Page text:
Igreja do Loreto, a “Igreja dos Italianos” no Coração de Lisboa

The “Church of Italians” in the Heart of Lisbon

It’s a privilege for us to have the participation of the Italian historian based in Portugal, Nunziatella Alessandrini, in the getLISBON invites series. This article covers the Church of Our Lady of Loreto, known as the “Church of Italians“, its foundation in the 16th century by Italian merchants, its location, catastrophes, reconstructions… episodes of its and our history!

The Church of Our Lady of Loreto, known as the “Church of Italians” is a marvellous witness to the presence of Italians in the Portuguese capital since the early 16th century.

Located in the heart of Chiado, a few metres away from Café A Brasileira, continuing down Rua da Misericórdia, the monument has been, since its construction, a focal point for the Italian community in Lisbon, creating a connection among Italians from various city-states of the Italian peninsula.

For the first time, Italian merchants, hailing from a fragmented land, asserted their belonging to an “Italian Nation”, anticipating the unity that would happen more than three centuries later, in 1861.

Interior of the Church of Our Lady of Loreto (“Church of Italians”)

Italian Merchants in Lisbon in the Early 16th Century

The opening of the maritime route to India brought a significant number of foreign merchants to the Portuguese capital who wanted to take advantage of the new trade with the East, which was expected to be profitable.

Italian merchants actively participated in outfitting ships that, around March-April, left the port of Lisbon for East India. We recall, among others, the Florentine families Marchionni, Sernigi, Giraldi, the Cremonese family Affaitati (“Portugueseized” as Lafetà), the Genoese Lomellini, Centurione, and Spinola.

The intense and increasingly prominent involvement of Italian businessmen in the Portuguese economy made this foreign community aware of its importance. Despite the diversity of origin – considering the political structure of the Italian Peninsula divided into city-states – social status, profession, or different political sensitivities, there was a sense of urgency to gather around their own church. They aimed to establish a confraternity directly dependent on the Holy See of Rome, replacing the devotion to Saint Anthony with devotion to the Virgin of Loreto, whose cult, already ancient in Italy but new in Portugal, reached a strong intensity at that time.

It was noticeable that, outside the Italian Peninsula, Italians established in Lisbon felt part of the same group, although still labelled as Genoese, Milanese, Prazentinos (from Piacenza), Florentines, etc. It was in this sense of belonging to the same Nation that we can identify the reasons that led Italian merchants to decide to build an Italian temple that would be a unifying pole for the Natione Italiana (Italian Nation) and would serve both temporal and spiritual functions.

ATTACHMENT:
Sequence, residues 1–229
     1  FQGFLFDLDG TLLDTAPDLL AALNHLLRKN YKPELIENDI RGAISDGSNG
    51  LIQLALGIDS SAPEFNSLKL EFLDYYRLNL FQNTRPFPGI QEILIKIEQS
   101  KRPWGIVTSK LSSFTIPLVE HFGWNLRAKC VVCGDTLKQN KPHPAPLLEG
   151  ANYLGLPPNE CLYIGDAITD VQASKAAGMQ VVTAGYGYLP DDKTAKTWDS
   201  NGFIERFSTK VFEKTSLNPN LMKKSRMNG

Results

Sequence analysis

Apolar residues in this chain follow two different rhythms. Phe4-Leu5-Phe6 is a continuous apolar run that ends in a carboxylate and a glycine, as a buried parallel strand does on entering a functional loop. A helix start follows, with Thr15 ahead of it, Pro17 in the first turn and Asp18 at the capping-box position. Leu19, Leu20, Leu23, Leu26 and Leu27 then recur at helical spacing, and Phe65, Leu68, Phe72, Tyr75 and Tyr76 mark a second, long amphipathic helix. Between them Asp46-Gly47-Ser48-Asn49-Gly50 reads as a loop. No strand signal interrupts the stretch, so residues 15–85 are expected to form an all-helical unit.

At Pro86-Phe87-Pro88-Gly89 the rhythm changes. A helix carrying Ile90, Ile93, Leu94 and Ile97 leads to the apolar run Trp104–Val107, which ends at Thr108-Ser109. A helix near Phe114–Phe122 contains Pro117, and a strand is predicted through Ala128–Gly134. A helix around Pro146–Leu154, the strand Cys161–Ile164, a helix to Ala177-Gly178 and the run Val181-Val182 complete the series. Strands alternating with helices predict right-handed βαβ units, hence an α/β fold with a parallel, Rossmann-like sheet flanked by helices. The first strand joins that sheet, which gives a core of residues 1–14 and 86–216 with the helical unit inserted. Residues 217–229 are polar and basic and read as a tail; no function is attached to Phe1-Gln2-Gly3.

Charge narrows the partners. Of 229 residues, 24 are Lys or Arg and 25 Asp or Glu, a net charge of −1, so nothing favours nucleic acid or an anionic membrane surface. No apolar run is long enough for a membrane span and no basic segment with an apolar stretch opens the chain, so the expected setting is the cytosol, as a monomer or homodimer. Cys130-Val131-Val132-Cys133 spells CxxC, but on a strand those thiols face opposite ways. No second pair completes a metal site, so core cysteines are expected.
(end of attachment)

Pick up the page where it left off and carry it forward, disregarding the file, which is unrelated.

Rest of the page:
Construction of the Church of Our Lady of Loreto

Thus, Italian merchants decided to buy land in the parish of Mártires and offered it to the Church of St. John Lateran as a “perpetual and irrevocable donation”, requesting from the Supreme Pontiff, then Leo X, authorization to build a church. They also sought protection and privileges derived from their aggregation to the Lateran Chapter, paying an annual fee of “di mezza libbra di Cera Bianca lavorata” (“half a pound of worked white wax”).

The request to Pope Leo X had a positive response, although the death of the pontiff on April 20, 1518, prevented him from granting the said privileges personally. However, they were confirmed and conferred by his successor Clement VII with a first bull of 1521, followed by another in 1523, approving and placing the Church under his protection and dependence. This established it as the parish for all Italians residing in Lisbon, allowing the construction of a “tower with bells, cemetery, Baptismal Font, and everything else usually granted to parish churches”.

The land on which the church was built “was the ground between the city wall and the barrier, going from the gates of St. Catherine to those of the North, from the first tower near the said Gate to the second, which is level with the houses where they make cannons, in which there is along the said wall twenty-seven and a half fathoms in length, and from the said wall to the wall of Barbacam, three and a half fathoms of strong span.”.